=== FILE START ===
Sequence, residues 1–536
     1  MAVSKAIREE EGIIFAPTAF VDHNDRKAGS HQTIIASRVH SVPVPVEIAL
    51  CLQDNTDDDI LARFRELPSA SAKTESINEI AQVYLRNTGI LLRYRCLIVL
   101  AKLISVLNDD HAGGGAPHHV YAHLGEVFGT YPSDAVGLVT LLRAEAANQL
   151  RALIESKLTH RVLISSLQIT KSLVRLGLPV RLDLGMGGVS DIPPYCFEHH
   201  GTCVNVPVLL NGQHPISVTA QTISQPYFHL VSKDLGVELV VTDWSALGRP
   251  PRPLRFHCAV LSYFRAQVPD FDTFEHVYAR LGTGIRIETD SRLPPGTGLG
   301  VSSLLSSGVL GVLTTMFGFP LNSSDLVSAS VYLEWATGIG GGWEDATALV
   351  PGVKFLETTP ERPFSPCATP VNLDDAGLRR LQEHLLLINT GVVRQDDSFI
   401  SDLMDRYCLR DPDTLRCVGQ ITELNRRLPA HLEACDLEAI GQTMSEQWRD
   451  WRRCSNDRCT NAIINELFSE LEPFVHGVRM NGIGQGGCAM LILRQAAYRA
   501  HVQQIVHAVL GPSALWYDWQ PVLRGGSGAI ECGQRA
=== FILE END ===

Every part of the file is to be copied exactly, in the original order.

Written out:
Sequence, residues 1–536
     1  MAVSKAIREE EGIIFAPTAF VDHNDRKAGS HQTIIASRVH SVPVPVEIAL
    51  CLQDNTDDDI LARFRELPSA SAKTESINEI AQVYLRNTGI LLRYRCLIVL
   101  AKLISVLNDD HAGGGAPHHV YAHLGEVFGT YPSDAVGLVT LLRAEAANQL
   151  RALIESKLTH RVLISSLQIT KSLVRLGLPV RLDLGMGGVS DIPPYCFEHH
   201  GTCVNVPVLL NGQHPISVTA QTISQPYFHL VSKDLGVELV VTDWSALGRP
   251  PRPLRFHCAV LSYFRAQVPD FDTFEHVYAR LGTGIRIETD SRLPPGTGLG
   301  VSSLLSSGVL GVLTTMFGFP LNSSDLVSAS VYLEWATGIG GGWEDATALV
   351  PGVKFLETTP ERPFSPCATP VNLDDAGLRR LQEHLLLINT GVVRQDDSFI
   401  SDLMDRYCLR DPDTLRCVGQ ITELNRRLPA HLEACDLEAI GQTMSEQWRD
   451  WRRCSNDRCT NAIINELFSE LEPFVHGVRM NGIGQGGCAM LILRQAAYRA
   501  HVQQIVHAVL GPSALWYDWQ PVLRGGSGAI ECGQRA